This differing opinion on whether to return to in-person schooling or not has become a polarizing dilemma representing 127 million teachers – most of them very anxious at this moment. The general consensus across the country as of the end of June, was a 76% comfort level in returning. However, less than one month later, the real issues of masks, spacing, resources to reopen and the need to ensure that the virus is tackled with a less than 3% infection rate, has made the case for opening in September a fantasy.
Weingarten goes on to give the government a rating of ‘F’ in handling the pandemic, with a total lack of consistency and transparency equaling a failure of trust. Trump’s audacity in shirking the seriousness of the pandemic by downplaying its devastation, will hopefully go down as his ruination. From the start his conspiratorial thinking has become his most outstanding feature.
On the flip side of reality stands Betsy DeVos, the US Secretary of Education, who skirts this monumental issue and devolves the power to the local level. And incidentally, continues to chant ‘they should all go back’ as if one size fits all! In last week’s NY Times Op-Ed, Jessica Calarco wonders “‘why the Secretary of Education would put public schools in this situation. DeVos is, in effect, promoting a new form of school choice. If your child’s school cannot open safely, you need to find one that can – probably a private or charter school; or keep your child at home. Clearly, families with more resources and more flexibility will be the ones most able to keep their children out of unsafe schools. The results will likely be an increase of inequality in education. Low income families are not the only ones struggling with at-home learning. Research suggests that working parents, specifically working mothers, are also facing difficulties. Families without stay-at-home parents will be less able to keep their children home in the Fall, even if that means exposing the child – and the family – to the possibility of infection.” The DeVos mentality is clearly stuck into a “let them eat (cup) cakes” mode. She is ranting!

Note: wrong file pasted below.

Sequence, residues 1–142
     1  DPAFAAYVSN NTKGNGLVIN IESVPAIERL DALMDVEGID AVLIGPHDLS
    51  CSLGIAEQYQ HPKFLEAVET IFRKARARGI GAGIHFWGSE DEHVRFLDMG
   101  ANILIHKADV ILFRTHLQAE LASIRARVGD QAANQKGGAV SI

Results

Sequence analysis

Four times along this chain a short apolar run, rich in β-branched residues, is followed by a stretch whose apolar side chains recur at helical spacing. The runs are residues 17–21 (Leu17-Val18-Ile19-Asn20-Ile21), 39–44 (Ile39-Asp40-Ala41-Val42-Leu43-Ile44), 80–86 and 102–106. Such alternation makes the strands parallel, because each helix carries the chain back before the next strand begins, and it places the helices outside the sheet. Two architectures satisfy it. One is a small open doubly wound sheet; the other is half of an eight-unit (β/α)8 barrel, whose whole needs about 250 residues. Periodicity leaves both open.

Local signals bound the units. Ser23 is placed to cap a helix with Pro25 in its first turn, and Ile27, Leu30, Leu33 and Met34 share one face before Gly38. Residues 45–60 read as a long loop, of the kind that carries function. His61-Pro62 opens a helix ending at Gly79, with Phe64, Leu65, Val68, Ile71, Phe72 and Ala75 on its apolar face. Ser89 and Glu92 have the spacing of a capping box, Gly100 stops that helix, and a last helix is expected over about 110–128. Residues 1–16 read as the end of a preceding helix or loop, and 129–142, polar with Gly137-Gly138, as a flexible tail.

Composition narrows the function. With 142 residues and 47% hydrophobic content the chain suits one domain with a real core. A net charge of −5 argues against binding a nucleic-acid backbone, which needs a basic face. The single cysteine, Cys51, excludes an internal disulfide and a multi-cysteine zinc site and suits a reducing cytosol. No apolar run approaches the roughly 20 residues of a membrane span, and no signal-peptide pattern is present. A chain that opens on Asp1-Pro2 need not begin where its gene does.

The city’s public school system has become a central and pivotal point of concern for others like myself regarding children or grandchildren affected by this overwhelming situation. My 14-year-old grandson will be entering high school at the Baccalaureate School for Global Education in Astoria, and my 9 year-old granddaughter will be entering the fifth grade at PS 196 in Forest Hills. When I recently asked how they felt about home schooling, my granddaughter found that aside from being able to snack at intervals during the day, there were few positives to virtual learning. She expressed great regret about the lack of socialization, missing her friends, but mostly that at the end of the 4th grade, all she received was a ‘pass’ indicating that she had satisfactorily completed her studies. Her grades are an important element of her schooling and the lack of recognition made her sad.